A snapshot of Mosaic as we continue to develop and grow – both as a program and as a rag-tag collective of ambitious teachers and students:
We all work hard in Mosaic … and for that I and others are extremely grateful and appreciative. Though some of us can be abrasive and harsh at times, I think we all truly want to move ourselves and, indeed, the program forward.
Having said this, I think some of us may struggle with some sort of perceived “ownership” of Mosaic and a need to be identified as the leader. We have no sole leader – the design of the program simply will not tolerate an “I’m in charge” approach that creates a hierarchy amongst its teachers. We may all at times be frustrated with our inability to implement what we envision for the program – and we may each at times exhibit a lack of patience for any sort of feedback that can be perceived as “traditional.” Either way it creates a mindset that interprets problems as paralyzing obstacles rather than as opportunities to improve.
Here are some more specific points that could be discussed amongst the Mosaic teachers and students (and that I hope to review in the future and think, “Wow, we’ve come so far!”):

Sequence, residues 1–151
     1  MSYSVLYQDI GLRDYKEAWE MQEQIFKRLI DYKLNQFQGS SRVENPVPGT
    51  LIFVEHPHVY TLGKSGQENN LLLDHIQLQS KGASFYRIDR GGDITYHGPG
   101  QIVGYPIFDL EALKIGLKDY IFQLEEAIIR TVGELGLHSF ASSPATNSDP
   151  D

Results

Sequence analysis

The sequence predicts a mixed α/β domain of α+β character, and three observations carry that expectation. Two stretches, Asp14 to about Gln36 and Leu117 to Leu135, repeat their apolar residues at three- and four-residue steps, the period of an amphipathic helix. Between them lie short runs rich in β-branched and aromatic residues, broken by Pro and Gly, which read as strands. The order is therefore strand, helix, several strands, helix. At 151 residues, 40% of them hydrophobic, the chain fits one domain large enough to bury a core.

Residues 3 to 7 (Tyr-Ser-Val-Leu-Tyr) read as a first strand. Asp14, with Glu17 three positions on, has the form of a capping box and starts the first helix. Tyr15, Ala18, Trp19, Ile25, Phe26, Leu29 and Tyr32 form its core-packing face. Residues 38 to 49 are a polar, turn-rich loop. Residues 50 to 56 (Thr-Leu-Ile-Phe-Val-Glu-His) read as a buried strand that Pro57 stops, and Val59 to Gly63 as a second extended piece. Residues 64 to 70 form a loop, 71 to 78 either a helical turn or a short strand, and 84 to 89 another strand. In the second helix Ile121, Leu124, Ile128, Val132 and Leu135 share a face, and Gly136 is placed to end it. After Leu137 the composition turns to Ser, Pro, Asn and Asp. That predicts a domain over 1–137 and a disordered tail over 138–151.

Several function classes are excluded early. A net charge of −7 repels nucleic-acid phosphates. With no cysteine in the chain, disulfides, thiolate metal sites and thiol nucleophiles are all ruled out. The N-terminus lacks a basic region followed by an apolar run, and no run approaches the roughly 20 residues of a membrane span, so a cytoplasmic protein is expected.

- extreme mood swings are demoralizing and painful to all of us – there must be a way to process disappointment – one that does not alienate
- promises or threats to quit seem selfish and reactive and they create a “Cry Wolf” situation, which – unfortunately – I now tune out when I hear people say these things
- avoidance of ongoing conflict with colleagues creates an awkward dynamic that inhibits productivity, creativity, and a sense of “open and honest” vulnerability that is necessary to do Mosaic-like teamwork
- a perceived “take no prisoners” approach to advancing ideas silences feedback and professional criticism – this is unhealthy and potentially damaging
- everyone in Mosaic is capable of contributing positive and innovative ideas, everyone … we do not need to standardize everything, rather we should seek to share ideas not prove them
I think all of us in Mosaic need continued encouragement and support as the developing leaders that we are. When we are happy and balanced we are individually and collectively amazing to work with and to be around. When one of us is upset, however, it can often create a brooding nightmarish situation. Some of us may indeed be at a crossroads, in which case we should make our decisions, but we should make decisions that do not hurt either ourselves or the program. A Mosaic version of Sherman’s March to the Sea cannot be an option.
Mosaic is a fast-paced environment that need not be overly stressful… it has the potential to be a super fun learning and teaching environment and a model of what learning can be like for students and teachers alike. Every single teacher in the program has taken a leap and does not need to feel like he/she is in a constant “tryout” hoping to make the team – tryouts are over… we need to develop and support one another – avoiding anything that breeds insecurity. We must turn to one another for strength and guidance, not judgement and ridicule.